Pension contribution increases only partly offset by lower RRSP savings
Report finds a $1 increase in pension plan contributions resulted in an average reduction in RRSP contributions of 55 cents.
OTTAWA — A new report by Statistics Canada says automatic increases in registered pension plans are most helpful to people who don’t save much in registered retirement savings plans.
The report noted that there is some reduction in RRSP investments when pension plan contributions are increased, but the automatic increases are a net benefit.
“Moreover, the response tends to be smaller for workers with weaker histories of saving in retirement accounts,” author Derek Messacar wrote in his report released Dec. 20.
“Employer sponsorship and other forms of automatic saving may, therefore, matter a great deal in helping more vulnerable groups save for their retirement.”
The report found that for workers earning near the Canadian average, a $1 automatic increase in registered pension plan contributions resulted in an average reduction in registered retirement savings plan contributions of 55 cents.
But for workers who did not save much in an RRSP, the $1 automatic increase in registered pension contributions increased net savings by about 95 cents.
Meanwhile, for workers who save regularly for retirement, the $1 automatic increase was largely offset by a similar reduction in RRSP contributions.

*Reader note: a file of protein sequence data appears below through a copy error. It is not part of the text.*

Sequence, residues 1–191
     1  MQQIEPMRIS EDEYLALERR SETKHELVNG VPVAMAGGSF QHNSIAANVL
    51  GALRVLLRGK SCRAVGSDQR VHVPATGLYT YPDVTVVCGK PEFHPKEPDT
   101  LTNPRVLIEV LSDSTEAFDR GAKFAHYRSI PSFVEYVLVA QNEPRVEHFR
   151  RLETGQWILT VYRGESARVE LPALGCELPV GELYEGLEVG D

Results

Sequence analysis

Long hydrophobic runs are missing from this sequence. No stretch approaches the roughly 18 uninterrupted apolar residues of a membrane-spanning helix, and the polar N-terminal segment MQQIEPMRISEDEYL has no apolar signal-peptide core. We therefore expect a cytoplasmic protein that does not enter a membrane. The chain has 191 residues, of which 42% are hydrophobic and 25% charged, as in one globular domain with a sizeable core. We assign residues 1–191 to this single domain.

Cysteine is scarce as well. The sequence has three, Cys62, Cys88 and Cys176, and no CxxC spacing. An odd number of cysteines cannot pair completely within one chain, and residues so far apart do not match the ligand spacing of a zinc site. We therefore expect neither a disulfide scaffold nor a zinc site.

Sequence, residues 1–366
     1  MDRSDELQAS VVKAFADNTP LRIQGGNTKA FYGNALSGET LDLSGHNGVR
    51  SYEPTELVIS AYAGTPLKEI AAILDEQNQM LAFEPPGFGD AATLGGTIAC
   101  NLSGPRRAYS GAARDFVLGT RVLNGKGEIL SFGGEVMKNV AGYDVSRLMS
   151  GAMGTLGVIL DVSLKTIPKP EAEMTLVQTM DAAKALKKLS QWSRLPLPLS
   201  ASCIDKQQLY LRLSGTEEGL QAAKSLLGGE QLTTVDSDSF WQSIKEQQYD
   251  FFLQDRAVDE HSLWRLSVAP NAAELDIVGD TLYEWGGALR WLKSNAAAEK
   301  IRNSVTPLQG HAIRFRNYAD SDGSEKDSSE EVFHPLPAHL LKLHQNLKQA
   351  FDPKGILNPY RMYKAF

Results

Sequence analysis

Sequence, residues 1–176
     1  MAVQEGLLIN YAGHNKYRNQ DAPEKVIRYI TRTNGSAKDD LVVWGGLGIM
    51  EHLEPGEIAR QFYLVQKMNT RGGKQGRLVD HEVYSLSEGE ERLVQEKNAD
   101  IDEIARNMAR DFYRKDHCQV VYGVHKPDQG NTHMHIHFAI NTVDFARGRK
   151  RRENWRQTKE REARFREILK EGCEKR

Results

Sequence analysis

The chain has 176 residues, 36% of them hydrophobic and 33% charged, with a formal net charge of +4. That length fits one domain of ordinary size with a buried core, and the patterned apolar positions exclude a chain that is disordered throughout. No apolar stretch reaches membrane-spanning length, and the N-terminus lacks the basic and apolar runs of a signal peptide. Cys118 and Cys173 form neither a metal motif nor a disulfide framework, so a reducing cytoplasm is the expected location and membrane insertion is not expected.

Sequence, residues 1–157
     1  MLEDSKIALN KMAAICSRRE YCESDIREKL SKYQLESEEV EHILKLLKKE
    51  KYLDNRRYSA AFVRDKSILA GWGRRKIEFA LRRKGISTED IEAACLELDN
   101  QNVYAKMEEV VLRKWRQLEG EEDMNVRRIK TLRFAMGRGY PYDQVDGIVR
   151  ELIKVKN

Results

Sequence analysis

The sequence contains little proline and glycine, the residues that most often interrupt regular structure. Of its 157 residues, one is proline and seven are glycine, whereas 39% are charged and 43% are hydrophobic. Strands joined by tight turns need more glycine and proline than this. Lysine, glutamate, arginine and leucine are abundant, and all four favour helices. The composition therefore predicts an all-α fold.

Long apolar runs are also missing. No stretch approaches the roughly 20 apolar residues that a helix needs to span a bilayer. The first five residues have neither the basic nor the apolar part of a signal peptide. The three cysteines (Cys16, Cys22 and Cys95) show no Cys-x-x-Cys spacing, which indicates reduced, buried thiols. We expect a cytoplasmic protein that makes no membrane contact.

The Statistics Canada report looked at personal income tax data from 1991 to 2010 to see if increases in registered pension plans increased retirement savings or redirected savings that would have been made elsewhere.
However researchers were unable to assess how an automatic increase in registered pension contributions affected other forms of savings due to data limitations.
Saving for retirement and whether Canadians are putting aside enough has been a key policy discussion in recent years.
During the recent federal election campaign, the Liberals promised they would work to enhance the Canada Pension Plan, however just what that would look like is unclear.
Several provinces have raised concerns about the cost and what that could mean for the economy.
Ontario is moving ahead with its own pension plan that will be phased in starting in 2017 for companies that don’t offer a pension plan. Critics of the plan have said it will increase the cost of hiring workers and hurt job creation.
© 2015 The Canadian Press